The set menu starters were both super-tasty: a soupy smoked haddock, mustard and leek combination topped with a deep-fried organic egg, and a twice-baked Hegarty's cheddar soufflé with marinated beetroot, beetroot chutney and walnuts. Just as well we ordered two of those. From the à la carte, I had the wild venison - cured and tartare - with pickled mushrooms, quince and hazelnuts, an exquisite expression of seasonality, with an immaculate balance of flavours and textures.

For main courses, we had suckling pig confit with braised red cabbage, swede and celery, and roast hake with a saffron and mussel sauce, spinach and fennel purée, both from the set menu and impeccably cooked and presented. While the suckling pig on the set menu uses belly of pork, the suckling pig on the à la carte uses loin, and is accompanied by coco de paimpol beans, black pudding and a gratin of celery. It's a more complex dish, but both versions are big on flavour and skill and we liked them equally. More venison for me, this time with a pumpkin and vadouvan (a French version of Indian curry spicing with additional aromatics) chutney, savoy cabbage, chestnuts, bacon and sage. Sophisticated yet, with the exception of the vadouvan, a dish of intrinsic rural Irishness. There was buttery pomme purée that was beyond luscious, a cauliflower and Comte gratin of equal decadence, and a watercress salad with a hazelnut dressing to make us feel a bit better in ourselves. Oh, and chips too. Very good chips. We noted that the portions were larger than is the norm in Dublin.

Two gorgeous desserts from the set menu - a baked ginger cream with rhubarb and white chocolate Chantilly, and a chocolate tart with malted milk ice-cream and caramelised popcorn - plus an impeccable French-style apple tart and a generous plate of cheese bring matters to a happy conclusion. Set lunch for two, with one person eating from the set menu and the other from the à la carte, and sharing a bottle of Château Lagrange (€38), with sides, water and coffee, came to €146.40 before service. Our bill was rather larger, but we were thirsty that day. Campagne is a rare gem and an excellent excuse, should one be needed, for a day-trip to Kilkenny.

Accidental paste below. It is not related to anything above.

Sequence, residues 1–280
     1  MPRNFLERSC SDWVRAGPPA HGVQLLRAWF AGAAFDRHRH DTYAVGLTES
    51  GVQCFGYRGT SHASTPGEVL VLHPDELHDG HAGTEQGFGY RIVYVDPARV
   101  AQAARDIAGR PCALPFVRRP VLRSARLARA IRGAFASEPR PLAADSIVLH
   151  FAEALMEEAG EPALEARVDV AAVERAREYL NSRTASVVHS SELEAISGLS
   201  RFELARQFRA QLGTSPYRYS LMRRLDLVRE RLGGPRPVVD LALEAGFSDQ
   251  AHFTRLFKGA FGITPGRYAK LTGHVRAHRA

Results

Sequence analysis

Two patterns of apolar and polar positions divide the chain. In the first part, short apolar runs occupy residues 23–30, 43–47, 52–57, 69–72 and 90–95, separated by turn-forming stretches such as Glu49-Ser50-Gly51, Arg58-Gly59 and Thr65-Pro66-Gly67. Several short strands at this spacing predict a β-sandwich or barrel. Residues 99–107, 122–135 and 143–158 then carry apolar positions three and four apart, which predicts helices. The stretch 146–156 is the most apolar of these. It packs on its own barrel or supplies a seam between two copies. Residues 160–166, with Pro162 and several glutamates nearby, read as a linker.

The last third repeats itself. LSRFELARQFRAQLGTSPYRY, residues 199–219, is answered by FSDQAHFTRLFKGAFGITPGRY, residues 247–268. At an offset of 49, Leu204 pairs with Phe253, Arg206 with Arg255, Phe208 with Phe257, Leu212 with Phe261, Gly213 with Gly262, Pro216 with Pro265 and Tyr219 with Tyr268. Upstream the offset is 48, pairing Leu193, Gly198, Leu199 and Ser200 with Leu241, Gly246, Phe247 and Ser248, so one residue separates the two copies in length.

On a budget

The three-course set menu priced at €33 is available at lunch time on Friday, Saturday and Sunday, and each evening from Tuesday to Saturday. Check for details.

On a blowout

Eating from the à la carte menu, roast scallops with Iberico ham and blood orange vinaigrette, followed by the fillet of Hereford beef with a couple of sides and a selection of Irish cheeses will cost around €70 a head before wine.

The high point

Beautiful food, relaxed service, the magic of a long lunch on a Friday.

The low point

Having to go home.

The rating

9/10 food

9/10 ambience

9/10 value for money


Whispers from the gastronomicon

Asador's steak

Asador on Haddington Road has introduced the Galician Blond Steaks that are having a bit of a moment in trendy London restaurants including Kitty Fisher's.  This cut of meat from Northern Spain comes from retired dairy cows, which are slaughtered much later than the beef cattle that we are used to eating in Ireland. The mature marbling of the meat is said to give the steaks impressive depth of flavour.  Asador has had an interior makeover in recent weeks, and the 'Lobster' table, with high-backed banquettes and concealing drapes is available for private parties of up to 12.